Can you imagine having a condition where on any day at any given moment you could die within two minutes? To top it off this condition is not curable and there is no medicine or vaccinations you can get to prevent it. When I was 18 months old I was diagnosed with severe food allergies to peanuts, nuts, and eggs. I believe having these food allergies has made me a stronger person today.
The 1st allergic reaction I remember was the 2nd anaphylactic reaction in my life. My class at preschool was changing classrooms. Unfortunately, the kid who sat in a seat before me ate a peanut butter snack and the table was not cleaned afterwards. When I touched the table I got the peanut butter germs on my fingers. Then, I rubbed my eye with the same hand, putting the peanut butter into my system.
Seconds later, my throat started closing, I got hives all over, and my eyes were swelling. The teachers called my mother who worked down the road. She rushed over to pick me up and bring me to the doctor. As my mom, my brother, and I rode in the car, my symptoms continued to worsen. My mom called 911 and an ambulance met us on the road. The paramedic in the ambulance gave me both a bear to hold onto and my epi pen. To this day I still have that bear to remind me of how those men in the ambulance saved my life
My allergies kept me from doing a lot of things a normal child got to do. For example, I wasn’t allowed to ride the bus because my bus drivers were afraid to give me my epi pen if something happened. Most of my play dates happened at my house because many families didn’t want to be responsible for me and didn’t invite me to their houses. When I was invited to birthday parties my mom had to stay with me. I also could not eat any birthday cake because of the eggs in it. Today, I can ride the bus, go to friends’ houses, and go to birthday parties without my mom because my allergies have gotten better, and I can give myself my epi pen. I still can’t eat birthday cake or go to restaurants and order anything I’d like; but, I live my life like a track race, when I approach a barrier I jump over it and move on. I don’t let it stop me from winning the race.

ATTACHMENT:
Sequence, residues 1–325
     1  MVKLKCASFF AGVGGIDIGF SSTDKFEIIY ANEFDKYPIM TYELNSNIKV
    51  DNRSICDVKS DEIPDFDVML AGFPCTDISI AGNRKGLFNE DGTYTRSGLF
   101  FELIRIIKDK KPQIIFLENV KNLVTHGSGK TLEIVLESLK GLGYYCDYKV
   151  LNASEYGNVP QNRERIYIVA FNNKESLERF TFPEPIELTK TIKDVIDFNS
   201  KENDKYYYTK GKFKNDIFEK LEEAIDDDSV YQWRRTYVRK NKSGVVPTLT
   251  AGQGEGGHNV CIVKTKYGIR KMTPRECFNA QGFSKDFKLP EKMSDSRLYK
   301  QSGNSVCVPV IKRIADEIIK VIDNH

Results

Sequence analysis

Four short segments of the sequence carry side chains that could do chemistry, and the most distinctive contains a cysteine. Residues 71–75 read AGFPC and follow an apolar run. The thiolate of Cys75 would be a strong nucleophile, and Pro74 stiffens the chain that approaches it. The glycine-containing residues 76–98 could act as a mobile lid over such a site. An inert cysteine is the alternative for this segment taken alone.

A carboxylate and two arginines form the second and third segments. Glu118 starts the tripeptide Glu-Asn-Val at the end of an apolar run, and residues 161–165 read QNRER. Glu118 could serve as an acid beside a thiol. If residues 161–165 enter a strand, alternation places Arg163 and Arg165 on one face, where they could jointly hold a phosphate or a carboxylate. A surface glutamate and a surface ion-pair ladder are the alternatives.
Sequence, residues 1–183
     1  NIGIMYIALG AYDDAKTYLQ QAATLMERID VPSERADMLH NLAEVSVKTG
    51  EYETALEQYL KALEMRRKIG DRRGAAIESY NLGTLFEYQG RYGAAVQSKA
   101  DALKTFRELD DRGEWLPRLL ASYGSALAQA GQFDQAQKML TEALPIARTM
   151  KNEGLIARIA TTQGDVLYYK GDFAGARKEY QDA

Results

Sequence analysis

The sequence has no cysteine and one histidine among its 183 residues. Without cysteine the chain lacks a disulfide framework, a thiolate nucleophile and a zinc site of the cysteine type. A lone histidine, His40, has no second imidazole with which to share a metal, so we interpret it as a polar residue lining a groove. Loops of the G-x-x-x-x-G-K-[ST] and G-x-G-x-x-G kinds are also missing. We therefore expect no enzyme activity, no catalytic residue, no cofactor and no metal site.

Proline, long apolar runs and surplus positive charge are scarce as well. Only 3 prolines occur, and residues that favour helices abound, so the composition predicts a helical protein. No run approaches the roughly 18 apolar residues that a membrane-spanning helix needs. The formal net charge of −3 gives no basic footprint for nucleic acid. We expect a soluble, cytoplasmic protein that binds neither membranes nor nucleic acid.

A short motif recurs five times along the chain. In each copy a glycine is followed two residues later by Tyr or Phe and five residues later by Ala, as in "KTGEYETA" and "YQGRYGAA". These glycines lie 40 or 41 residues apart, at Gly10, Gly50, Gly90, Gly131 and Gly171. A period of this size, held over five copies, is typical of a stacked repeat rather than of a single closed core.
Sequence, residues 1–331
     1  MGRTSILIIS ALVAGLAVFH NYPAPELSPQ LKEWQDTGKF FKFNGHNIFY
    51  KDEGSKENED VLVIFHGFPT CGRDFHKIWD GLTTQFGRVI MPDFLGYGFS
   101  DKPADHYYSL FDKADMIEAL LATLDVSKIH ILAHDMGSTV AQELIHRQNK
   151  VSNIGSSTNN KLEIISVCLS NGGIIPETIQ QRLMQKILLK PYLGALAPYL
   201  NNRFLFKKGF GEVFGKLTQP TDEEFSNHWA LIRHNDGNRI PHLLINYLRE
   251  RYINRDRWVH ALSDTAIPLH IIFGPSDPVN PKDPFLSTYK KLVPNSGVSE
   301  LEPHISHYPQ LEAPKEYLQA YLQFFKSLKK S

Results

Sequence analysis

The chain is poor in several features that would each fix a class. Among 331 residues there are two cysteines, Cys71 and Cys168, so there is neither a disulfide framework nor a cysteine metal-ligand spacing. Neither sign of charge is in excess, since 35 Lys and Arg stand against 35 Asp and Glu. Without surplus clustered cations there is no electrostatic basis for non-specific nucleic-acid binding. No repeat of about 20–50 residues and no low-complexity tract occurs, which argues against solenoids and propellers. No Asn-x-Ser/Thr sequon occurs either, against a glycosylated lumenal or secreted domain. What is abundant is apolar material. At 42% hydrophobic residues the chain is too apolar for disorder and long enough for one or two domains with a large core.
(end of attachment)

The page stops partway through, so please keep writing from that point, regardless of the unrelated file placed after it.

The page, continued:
I believe I am fortunate to have allergies. I believe it has helped me in many ways. I am more accepting of people who have disabilities, and I am more accepting of the fact that I’m not going to be able to do everything in life, but I know there are ways to turn something negative into something positive. Even though I am legally disabled I believe I am a better person inside because of my disability.